Examples of "logical relationships", used in Association, might be "next to", or "connected to". These do not specify the exact placement of one component relative to the other. Specific relationships, used in Arrangement, will precisely locate one component with respect to another or with respect to some reference location.

If there is any doubt that these are different, imagine three pulleys placed in roughly a triangle, with a rubber belt that fits over the outside of all three so that the belt is pulled tight. What has been described here is a configuration.

Precise description of the positions of all three pulleys will constitute an arrangement (Figure 1). Moving a pulley towards another pulley produces another arrangement (Figure 2).

Many tasks which we casually refer to as "configuration" also include Arrangement. It is hard to imagine Arrangement being done without at least an implicit Selection + Association. It may be appropriate to consider tasks which we casually refer to as "arrangement" as Configuration tasks with the Arrangement portion dominant. The Layout task can be thought of as Arangement in 2D. Thus:

Other authors have presented different analyses. For example, for a more fine-grained analysis, see [Runkel et al 1992] and its references.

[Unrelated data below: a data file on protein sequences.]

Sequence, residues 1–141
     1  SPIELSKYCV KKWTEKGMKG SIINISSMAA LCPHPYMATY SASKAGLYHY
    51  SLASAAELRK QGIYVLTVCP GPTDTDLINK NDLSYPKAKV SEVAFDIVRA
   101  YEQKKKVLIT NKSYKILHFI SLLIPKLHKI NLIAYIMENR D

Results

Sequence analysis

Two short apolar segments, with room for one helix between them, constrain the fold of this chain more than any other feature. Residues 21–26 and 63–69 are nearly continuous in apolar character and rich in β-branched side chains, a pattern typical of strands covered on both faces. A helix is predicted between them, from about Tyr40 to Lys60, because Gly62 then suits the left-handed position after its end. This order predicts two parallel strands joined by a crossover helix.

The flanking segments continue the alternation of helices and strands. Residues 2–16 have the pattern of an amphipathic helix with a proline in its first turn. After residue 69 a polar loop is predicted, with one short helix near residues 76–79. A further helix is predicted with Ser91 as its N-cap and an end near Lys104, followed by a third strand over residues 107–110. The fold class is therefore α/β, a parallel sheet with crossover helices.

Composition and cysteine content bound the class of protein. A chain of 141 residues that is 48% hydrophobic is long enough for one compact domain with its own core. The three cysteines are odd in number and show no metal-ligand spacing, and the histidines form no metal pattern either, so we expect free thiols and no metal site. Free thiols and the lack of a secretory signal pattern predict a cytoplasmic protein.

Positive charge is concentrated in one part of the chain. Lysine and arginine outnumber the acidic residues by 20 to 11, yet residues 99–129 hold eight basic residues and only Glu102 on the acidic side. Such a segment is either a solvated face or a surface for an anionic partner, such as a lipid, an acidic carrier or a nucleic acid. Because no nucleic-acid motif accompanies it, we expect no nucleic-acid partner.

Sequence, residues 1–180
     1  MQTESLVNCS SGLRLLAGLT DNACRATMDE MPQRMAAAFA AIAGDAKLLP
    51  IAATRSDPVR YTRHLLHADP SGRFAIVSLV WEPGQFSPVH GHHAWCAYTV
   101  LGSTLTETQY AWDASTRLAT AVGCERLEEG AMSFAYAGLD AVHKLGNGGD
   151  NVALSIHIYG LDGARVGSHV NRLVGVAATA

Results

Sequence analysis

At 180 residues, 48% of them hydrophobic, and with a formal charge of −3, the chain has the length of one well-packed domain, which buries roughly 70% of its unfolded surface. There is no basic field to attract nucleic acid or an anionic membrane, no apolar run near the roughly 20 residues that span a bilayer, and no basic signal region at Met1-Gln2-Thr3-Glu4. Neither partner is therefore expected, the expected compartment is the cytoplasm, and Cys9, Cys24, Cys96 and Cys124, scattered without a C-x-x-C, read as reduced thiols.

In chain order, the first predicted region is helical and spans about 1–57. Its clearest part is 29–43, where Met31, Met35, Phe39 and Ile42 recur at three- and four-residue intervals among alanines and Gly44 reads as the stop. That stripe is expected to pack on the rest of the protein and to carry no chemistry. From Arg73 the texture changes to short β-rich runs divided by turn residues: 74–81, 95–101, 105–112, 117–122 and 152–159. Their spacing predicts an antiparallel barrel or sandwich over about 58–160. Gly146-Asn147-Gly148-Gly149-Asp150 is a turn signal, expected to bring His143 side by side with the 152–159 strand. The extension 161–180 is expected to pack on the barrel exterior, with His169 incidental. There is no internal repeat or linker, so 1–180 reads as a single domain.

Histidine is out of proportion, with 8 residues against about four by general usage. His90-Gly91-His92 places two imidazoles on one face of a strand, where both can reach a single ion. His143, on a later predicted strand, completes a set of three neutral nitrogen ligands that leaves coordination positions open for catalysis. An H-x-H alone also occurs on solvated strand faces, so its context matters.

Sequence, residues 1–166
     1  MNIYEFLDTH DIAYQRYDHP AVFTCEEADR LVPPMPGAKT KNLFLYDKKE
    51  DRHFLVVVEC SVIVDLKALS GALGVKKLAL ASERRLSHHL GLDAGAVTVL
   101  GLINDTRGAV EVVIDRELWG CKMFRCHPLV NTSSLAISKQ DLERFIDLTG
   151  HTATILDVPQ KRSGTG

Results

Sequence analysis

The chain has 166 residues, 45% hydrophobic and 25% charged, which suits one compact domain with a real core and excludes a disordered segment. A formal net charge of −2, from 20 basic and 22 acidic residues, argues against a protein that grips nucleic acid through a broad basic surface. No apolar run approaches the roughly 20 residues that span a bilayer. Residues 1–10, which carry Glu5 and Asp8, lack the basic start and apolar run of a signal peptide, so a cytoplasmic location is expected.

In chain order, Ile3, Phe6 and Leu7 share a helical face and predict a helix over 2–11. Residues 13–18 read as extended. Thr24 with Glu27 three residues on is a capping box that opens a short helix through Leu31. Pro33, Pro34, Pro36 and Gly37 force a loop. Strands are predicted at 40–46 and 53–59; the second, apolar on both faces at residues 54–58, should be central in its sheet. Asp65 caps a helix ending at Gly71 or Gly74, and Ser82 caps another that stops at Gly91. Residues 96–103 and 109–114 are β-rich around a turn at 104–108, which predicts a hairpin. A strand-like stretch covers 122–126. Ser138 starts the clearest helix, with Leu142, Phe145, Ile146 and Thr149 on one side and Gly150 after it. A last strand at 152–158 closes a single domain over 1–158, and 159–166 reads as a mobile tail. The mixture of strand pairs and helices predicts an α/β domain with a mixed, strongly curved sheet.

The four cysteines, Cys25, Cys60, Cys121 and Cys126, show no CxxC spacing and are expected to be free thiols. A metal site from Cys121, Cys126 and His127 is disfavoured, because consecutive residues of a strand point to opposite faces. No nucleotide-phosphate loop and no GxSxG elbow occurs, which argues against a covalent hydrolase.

5 Approaches to Configuration

5.1 Introduction:

The issues that concern reuse in systems that use any sort of pre-existing unit (e.g., a software module) are Indexing, Mapping, and Instantiating. Indexing is concerned with how to organize the modules so that the right ones can be selected. Mapping is concerned with how to convert the task model (i.e., the user's requirements) to a configuration. Instantiating is concerned with how to produce a complete description of a working system from the final configuration.

A variety of techniques that address these issues are presented below.

When considering Mapping, we often describe it in a state-space fashion, where states are transformed to other states by Operators. States are incomplete, or partial, configurations. This is a rather "bottom-up" approach to configuration, adding one component at a time. Sometimes the mapping process is viewed in a "top-down" fashion, where abstract descriptions of the configuration or parts of the configuration are "refined" into more concrete descriptions. This is known as Refinement.

5.2 Modules/Components

For configuration to be a generally useful approach to building systems (of any kind), the modules/components need to be reusable, the number not too large, and we have to ensure that we don't have to create new modules/components for each application that is built.